This painting displays many characteristics of Johnstone's art and one encounters in it a number of the problems his work presents, but one also encounters many of the features which bring great satisfaction in his landscapes. It is fundamental to his working methods that he would create a flat area of colour on which to work and then, possibly at a later date, he would assault the canvas with strange, insistent markings in a black or dark blue. This is found over many decades in his painting. But he would often do this to a painting which he had previously considered complete and we seem to see in this landscape another painting lying below. Johnstone clearly liked the effect created by repeated, impulsive programmes of work on a painting, although it caused contemporary admirers deep unhappiness when he would take a beautiful work and obliterate it. This is dangerous, risk-taking painting but it is also exciting painting. First he creates a foundation or field: freely brushed areas of flat colour. When older, Johnstone would often not trouble with this preliminary but use areas of white-primed canvas. Thereafter, he builds on this ground a contradictory, enigmatic, black calligraphy which is almost in conflict with what is below, using a loaded brush to draw in paint on the earlier painting. It is carefully designed, as here: a balanced, rectangular area of calligraphy floating on the underlying field. Some of these perplexing marks can, however, be translated. They can be seen as an assemblage of landscape elements. Parallel lines can indicate a ploughed field. Mountains or hills are indicated by cones with an interior spiral line done with great mastery, using materials allowing of no correction. An upper horizontal line with crossbars might be a fence or indicate a strand of trees on the horizon. A circle can be a sheepfold. They are separate, distinct drawings but the design unites them in a single work of art. Much of this exists in nature. Johnstone wrote that he admired the high-tension power cables strung on pylons across the modern landscape which he saw as both sculpture and drawing. As both a farmer and a landscape painter he was constantly concerned with the engagement of mankind with the soil.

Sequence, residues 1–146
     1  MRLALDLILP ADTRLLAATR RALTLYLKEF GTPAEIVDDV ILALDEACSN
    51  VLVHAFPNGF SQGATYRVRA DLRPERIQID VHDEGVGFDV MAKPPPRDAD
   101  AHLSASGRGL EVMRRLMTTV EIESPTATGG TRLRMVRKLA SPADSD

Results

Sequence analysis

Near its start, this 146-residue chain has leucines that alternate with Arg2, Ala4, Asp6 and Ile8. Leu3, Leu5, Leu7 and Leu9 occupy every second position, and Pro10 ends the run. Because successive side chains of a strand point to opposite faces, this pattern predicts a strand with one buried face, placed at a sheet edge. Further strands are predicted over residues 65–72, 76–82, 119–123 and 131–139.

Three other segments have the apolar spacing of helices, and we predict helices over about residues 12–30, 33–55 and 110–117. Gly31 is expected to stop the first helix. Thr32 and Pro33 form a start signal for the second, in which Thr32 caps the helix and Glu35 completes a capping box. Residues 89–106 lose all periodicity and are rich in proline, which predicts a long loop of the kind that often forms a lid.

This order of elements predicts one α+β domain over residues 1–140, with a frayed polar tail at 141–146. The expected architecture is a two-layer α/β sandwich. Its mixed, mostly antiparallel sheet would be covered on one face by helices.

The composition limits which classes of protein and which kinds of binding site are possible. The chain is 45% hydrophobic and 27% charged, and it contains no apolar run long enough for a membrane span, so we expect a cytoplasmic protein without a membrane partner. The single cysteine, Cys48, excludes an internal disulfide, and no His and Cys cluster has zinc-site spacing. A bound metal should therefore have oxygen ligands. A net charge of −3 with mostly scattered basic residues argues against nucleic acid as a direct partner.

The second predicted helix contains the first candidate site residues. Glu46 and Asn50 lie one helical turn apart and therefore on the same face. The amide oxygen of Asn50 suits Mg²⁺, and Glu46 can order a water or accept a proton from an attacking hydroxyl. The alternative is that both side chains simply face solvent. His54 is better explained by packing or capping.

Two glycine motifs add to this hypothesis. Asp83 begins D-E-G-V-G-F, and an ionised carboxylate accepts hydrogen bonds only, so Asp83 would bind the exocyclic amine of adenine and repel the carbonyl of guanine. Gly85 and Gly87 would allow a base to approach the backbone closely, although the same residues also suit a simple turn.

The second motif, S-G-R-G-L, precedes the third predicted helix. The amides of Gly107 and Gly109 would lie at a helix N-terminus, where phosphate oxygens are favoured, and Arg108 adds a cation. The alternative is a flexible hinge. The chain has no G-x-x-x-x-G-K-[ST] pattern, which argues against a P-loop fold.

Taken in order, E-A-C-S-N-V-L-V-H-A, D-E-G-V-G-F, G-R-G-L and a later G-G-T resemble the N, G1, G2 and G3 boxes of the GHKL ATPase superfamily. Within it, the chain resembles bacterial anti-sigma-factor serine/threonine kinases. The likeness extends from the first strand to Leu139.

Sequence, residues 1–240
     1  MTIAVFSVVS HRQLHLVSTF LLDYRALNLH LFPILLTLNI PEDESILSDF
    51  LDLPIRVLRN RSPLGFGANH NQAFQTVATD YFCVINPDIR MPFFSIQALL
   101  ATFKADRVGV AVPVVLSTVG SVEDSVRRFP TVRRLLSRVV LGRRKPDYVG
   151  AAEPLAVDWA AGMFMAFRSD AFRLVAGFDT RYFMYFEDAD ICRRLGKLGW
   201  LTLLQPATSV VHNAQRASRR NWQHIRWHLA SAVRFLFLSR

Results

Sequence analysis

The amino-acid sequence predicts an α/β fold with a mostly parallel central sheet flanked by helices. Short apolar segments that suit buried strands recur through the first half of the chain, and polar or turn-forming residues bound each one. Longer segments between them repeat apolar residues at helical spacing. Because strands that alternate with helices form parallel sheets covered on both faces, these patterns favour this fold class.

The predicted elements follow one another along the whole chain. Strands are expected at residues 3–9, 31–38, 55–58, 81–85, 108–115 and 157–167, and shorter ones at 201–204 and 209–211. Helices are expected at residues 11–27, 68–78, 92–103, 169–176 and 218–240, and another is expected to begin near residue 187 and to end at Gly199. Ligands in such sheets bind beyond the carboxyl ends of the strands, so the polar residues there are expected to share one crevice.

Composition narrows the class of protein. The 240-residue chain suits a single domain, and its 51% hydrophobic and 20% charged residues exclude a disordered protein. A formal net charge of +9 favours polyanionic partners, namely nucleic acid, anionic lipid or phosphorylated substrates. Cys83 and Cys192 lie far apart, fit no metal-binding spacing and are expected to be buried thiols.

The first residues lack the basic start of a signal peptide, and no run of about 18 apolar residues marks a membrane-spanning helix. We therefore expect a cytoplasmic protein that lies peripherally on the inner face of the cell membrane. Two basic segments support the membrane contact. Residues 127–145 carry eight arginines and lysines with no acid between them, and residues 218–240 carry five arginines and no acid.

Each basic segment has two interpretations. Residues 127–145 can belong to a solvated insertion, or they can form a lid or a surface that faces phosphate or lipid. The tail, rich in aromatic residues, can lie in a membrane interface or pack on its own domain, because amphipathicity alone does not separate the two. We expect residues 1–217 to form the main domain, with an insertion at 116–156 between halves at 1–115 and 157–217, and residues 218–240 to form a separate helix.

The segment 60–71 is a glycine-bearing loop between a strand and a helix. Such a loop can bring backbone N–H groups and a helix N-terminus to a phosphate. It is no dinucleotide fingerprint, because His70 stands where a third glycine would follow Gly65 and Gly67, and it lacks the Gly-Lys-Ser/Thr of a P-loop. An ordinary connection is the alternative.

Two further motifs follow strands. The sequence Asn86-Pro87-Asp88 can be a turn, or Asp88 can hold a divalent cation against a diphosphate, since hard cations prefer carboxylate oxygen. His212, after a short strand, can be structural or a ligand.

Dates on paintings were added by the artist only during the 1970s and many are wrong. This eau-de-nil palette had, by this writer's current understanding, largely fallen from use before the end of the 1950s and a date from as early as the late 1940s is also possible for this work.
We are very grateful to David Mackie, University of Cambridge, for his assistance in cataloguing lots 176 and 177.